Saket on Shamitabh

Saw Shamitabh the other day. As a film, it has its cute little moments and enough mirth to leave a positive impression. But it always nagged me that there was more to the film. It’s decidedly Meta in its name – and here’s my theory – it’s Balki’s open-ended question to all film aficionados: what would have happened to Amitabh Bachchan –the actor – without his famous baritone?

In the film, there’s a conflict that arises between a gifted but mute actor and a washed-out struggler with an impressive baritone. In a metaphorical sense, Balki pits Amitabh’s acting talents against his own voice. So Dhanush stands in for Amitabh (as an actor) and Bachchan for his own voice. The film then asks the question: What would have happened if an actor as gifted as Bachchan was born with a handicap?

As a Bachchan fan, I can recall his brilliant portrayal of a mute character in Sunil Dutt’s Reshma Aur Shera but few people would have cared for Bachchan purely as an actor. Now, can anyone imagine Deewar with some other actor filling Bachchan’s shoes? And without his baritone? Try imagining the following line of dialogue in any other voice: “Tum log mujhe dhund rahe ho aur main tumhara yahan intazar kar raha hoon.” It simply wouldn’t work.

As an in-joke, Bachchan recalls how he was rejected by All India Radio in the film. He plays a bitter character and goes on to mention that he found it difficult to get work in Bollywood because his voice was so potent. With his ordinary face he struggled to become a hero (another in-joke) and with his voice being so powerful other heroes wouldn’t let him play villain, for obvious reasons. His commanding voice turns out to be a curse in disguise. (I began to think: is there real-life symmetry to this angle? Suresh Oberoi’s name instantly comes to mind. He too had a dominant voice but beyond a point, his acting career floundered.)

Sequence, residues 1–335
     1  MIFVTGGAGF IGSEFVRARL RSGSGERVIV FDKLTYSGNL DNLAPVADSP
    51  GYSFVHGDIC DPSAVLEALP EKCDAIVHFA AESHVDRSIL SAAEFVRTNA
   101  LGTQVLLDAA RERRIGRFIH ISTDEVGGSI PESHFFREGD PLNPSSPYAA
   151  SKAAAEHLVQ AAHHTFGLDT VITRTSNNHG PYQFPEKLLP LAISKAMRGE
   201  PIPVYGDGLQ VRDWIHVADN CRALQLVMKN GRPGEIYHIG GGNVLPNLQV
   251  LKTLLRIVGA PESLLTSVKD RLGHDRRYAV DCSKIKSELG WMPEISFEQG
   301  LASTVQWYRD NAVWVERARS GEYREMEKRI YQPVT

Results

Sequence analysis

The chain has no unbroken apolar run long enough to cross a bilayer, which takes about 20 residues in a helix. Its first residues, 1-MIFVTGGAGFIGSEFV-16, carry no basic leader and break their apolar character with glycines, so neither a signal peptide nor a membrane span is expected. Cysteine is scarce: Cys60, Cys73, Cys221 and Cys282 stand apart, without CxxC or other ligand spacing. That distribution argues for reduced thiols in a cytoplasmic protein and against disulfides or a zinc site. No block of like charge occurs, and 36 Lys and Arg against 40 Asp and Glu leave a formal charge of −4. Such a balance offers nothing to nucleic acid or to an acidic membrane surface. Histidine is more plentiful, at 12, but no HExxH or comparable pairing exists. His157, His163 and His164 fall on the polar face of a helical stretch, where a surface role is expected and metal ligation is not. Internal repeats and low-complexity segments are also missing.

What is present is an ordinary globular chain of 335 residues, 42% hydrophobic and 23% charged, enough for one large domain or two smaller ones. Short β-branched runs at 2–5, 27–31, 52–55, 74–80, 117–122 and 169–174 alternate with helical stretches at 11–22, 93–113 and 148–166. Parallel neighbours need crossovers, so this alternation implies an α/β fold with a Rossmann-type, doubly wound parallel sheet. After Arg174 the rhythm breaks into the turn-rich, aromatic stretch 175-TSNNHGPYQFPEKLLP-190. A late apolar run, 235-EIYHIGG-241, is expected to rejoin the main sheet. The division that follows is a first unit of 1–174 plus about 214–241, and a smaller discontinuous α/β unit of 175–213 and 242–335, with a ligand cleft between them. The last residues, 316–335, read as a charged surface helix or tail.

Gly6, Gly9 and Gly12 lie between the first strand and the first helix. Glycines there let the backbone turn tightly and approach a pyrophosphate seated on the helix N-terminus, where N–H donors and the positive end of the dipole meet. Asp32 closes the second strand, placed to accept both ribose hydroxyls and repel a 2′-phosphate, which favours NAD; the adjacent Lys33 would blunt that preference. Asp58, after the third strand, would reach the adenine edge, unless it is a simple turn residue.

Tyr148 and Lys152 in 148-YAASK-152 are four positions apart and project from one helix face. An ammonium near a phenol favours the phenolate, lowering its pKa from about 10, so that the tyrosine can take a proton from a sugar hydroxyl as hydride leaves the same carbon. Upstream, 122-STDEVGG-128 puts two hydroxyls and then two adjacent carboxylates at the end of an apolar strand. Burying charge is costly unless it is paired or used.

In Shamitabh, Dhanush uses Amitabh’s voice in an action-packed film called Lifebuoy to gain instant stardom. Tired of his hired man’s tantrums, when he tries to enthral audiences with just his acting talent (while playing a mute character in another film), he’s unsuccessful. Similarly, when Amitabh Sinha – the man who represents Amitabh’s voice – tries to launch an incompetent producer’s son (in a commercial film called Thappad, no less) by lending his own voice, he too faces rejection.

Balki posits that the voice adds another dimension only if the character is appealing enough for the masses. This probably is true for Bachchan’s career as well. There’s also the message that both acting talent and impressive dialogue delivery go hand in hand. By that point, the film (and Balki’s direction) becomes less interesting.